Concert’ Juggles Too Much

Concert’ Juggles Too Much

Mihaileanu’s farce of identity is one major gag short.

George Robinson covers film and music for The Jewish Week.

Radu Mihaileanu has set himself an increasingly difficult task. The 52-year-old filmmaker has made several feature films that rotate around an odd conjunction of fairy tale-like plot lines and deeply serious meditations on the nature of Jewish identity and what he calls “positive imposture.” In his latest version of this tricky tightrope dance, “The Concert,” Mihaileanu, not satisfied with this already daunting task, adds an understated rumination on the possibilities of artistic collaboration, while constructing the kind of farce that calls for high style and impeccable timing.

In short, he is becoming the cinematic equivalent of a man juggling two chainsaws, a flaming torch and a live hand grenade while dancing “Swan Lake” on a bed of hot coals.

Needless to say, he doesn’t pull it off. But the result is one heck of an audacious act, created out of material that has the potential for insulin-shock-inducing sentimentality. That Mihaileanu manages to sidestep that particularly irksome possibility is a tribute to his wry sense of humor, which gives him just enough distance from his story’s more syrupy elements.

“The Concert” is his most ambitious film to date, moving beyond the complex logistics of “Train of Life” and the multiple period settings of “Live and Become.” By comparison with those two earlier films, the new work would seem to have a straightforward narrative. Filipov (Alexei Guskov in a deliciously nuanced performance) is a janitor at the Bolshoi, but once he was the orchestra’s greatest conductor until he defied Leonid Brezhnev by defending his Jewish instrumentalists. The result was a public humiliation during a performance of Tchaikovsky’s Concerto for Violin and Orchestra.

Now fate has thrown an opportunity for an unlikely redemption into his path. He has intercepted a fax intended for the real director of the Bolshoi and has booked them into a one-night-only gig in Paris. All he has to do is reassemble his old comrades and find them instruments, passports, airplane tickets, hotel accommodations in Paris and so on. To do so he must rely on his oldest and closest friend, Sasha (Dmitry Nazarov), a Jewish cellist who now is reduced to driving a ramshackle ambulance.

Filipov has an agenda as complex as his creator’s: he wants to meet and speak with a brilliant young violinist, Anne-Marie Jacquet (Melanie Laurent, who must play straight woman to a three-ring circus of comic actors), with whom he is seemingly obsessed, and to perform the Tchaikovsky again to complete a three-decade-long circle. Of course, he has a few ulterior motives that Mihaileanu reveals slowly and to surprisingly powerful effect. And all of his musicians have ulterior motives as well, frequently involving potentially lucrative and highly illegal business transactions.

For all the moving parts of this complicated mechanism to run smoothly, a filmmaker must have a high style and, most important, impeccable timing. As anyone who has seen “Live and Become” will reluctantly admit, Mihaileanu’s timing is great in the short run — the first two-thirds of that film is deeply moving — but his sense of overall structure is erratic. He just doesn’t know when to stop. If “Live and Become” had focused exclusively on its protagonist’s childhood and adolescence, on the difficulty of integrating oneself into an alien society, it could have been the definitive film about Ethiopian immigrants to Israel. But Mihaileanu has thematic fish to fry, centered on his hero’s mysterious past and his putative Jewishness.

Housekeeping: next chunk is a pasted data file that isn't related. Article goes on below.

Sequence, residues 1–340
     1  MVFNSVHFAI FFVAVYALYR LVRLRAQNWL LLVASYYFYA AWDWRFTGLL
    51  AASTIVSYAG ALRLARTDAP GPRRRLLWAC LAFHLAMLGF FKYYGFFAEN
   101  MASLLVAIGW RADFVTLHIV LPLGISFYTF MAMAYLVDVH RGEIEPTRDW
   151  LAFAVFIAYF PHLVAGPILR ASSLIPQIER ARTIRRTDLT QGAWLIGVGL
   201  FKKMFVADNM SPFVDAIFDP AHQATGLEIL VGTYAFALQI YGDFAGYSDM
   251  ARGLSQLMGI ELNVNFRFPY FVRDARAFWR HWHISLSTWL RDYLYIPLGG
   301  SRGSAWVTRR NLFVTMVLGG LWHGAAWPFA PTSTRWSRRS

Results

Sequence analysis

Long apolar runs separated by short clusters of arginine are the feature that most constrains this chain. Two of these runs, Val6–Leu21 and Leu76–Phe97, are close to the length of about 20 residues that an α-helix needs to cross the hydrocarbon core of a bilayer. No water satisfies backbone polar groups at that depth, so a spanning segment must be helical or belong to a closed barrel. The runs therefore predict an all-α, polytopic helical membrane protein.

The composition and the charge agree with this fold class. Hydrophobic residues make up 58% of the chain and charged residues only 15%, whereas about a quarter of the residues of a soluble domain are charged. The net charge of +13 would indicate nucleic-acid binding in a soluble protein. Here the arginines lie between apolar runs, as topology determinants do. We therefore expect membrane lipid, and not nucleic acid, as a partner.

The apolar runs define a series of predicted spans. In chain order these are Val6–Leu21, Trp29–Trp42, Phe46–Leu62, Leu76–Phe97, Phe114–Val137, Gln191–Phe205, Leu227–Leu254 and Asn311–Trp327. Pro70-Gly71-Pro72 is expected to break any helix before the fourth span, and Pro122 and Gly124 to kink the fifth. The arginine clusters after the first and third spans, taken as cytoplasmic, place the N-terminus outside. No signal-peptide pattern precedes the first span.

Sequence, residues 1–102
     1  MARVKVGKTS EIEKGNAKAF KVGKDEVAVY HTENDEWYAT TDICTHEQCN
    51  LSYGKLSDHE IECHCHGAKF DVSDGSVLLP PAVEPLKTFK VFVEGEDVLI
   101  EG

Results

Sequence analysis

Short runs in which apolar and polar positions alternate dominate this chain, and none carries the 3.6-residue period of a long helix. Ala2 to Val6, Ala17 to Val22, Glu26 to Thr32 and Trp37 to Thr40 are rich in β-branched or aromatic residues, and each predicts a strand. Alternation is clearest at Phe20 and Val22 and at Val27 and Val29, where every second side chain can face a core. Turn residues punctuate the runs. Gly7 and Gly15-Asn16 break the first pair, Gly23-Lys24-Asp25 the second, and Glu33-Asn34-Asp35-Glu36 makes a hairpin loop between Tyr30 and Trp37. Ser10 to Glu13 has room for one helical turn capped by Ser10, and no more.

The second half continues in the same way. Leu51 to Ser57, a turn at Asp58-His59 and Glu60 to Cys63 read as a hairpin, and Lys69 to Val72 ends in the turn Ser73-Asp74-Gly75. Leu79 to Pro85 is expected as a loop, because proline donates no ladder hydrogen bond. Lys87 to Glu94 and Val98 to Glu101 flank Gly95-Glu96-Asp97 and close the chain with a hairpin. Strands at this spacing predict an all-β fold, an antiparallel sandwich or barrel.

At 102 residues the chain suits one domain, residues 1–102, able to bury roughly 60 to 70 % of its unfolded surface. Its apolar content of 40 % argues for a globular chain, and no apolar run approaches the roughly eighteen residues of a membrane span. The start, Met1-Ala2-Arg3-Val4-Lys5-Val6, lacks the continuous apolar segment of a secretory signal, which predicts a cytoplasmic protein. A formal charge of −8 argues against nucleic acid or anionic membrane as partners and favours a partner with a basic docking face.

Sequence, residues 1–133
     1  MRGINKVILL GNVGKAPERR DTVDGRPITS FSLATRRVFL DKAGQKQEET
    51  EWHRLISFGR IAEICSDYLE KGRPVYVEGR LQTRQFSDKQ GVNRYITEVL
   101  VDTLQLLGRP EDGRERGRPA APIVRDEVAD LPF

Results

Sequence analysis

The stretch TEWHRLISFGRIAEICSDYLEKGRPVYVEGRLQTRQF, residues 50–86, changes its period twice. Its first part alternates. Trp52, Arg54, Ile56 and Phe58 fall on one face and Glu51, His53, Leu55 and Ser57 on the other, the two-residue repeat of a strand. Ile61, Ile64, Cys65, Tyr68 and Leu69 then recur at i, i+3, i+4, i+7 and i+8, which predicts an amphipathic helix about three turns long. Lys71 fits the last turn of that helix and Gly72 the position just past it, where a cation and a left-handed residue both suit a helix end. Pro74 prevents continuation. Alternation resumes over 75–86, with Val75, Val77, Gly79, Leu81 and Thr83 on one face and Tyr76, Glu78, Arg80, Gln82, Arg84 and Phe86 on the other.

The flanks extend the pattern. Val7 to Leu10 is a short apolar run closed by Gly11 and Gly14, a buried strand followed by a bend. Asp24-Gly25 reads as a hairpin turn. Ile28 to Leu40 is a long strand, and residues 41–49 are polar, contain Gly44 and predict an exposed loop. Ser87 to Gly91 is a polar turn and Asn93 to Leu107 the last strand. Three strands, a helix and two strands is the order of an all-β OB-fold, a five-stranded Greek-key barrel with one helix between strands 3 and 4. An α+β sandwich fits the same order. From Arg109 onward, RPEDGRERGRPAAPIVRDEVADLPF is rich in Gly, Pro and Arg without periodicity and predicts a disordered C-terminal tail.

In “The Concert,” the problems occur midway through the film. Although there are some wildly funny moments in the buildup to the trip to Paris and a few hearty chuckles after the “orchestra” arrives, the comic moments never rise to a crescendo. The great farceurs of cinema — Tati, Wilder, Preston Sturges, Edwards — know how to build a comic structure in which each gag leads logically into another and another until you are left gasping for air from all that laughter. Then, and only then, do they place the final card upon this structure, “the capper on the capper,” as the great Leo McCarey called it — a single last unexpected gag that reduces you and the plot to wreckage.

Mihaileanu, to be blunt, doesn’t know how to do that.

And that’s what “The Concert” so desperately needs. On the one hand, because he is looking at the material through a basically comic lens, the director doesn’t let the sentimentality of the material weigh the film down. But, conversely, because the film never achieves true heights of hilarity, we aren’t sufficiently transported to love the characters and to care about the film’s more serious subtext. As a result, “The Concert” never brings all the elements that Mihaileanu is juggling into a coherent whole. The film is always pleasant and cunningly acted and designed, but it should have been much more.

“The Concert” directed and co-written by Radu Mihaileanu, opens in New York City on Friday, July 30. For information on theaters and showtimes consult your local listings.

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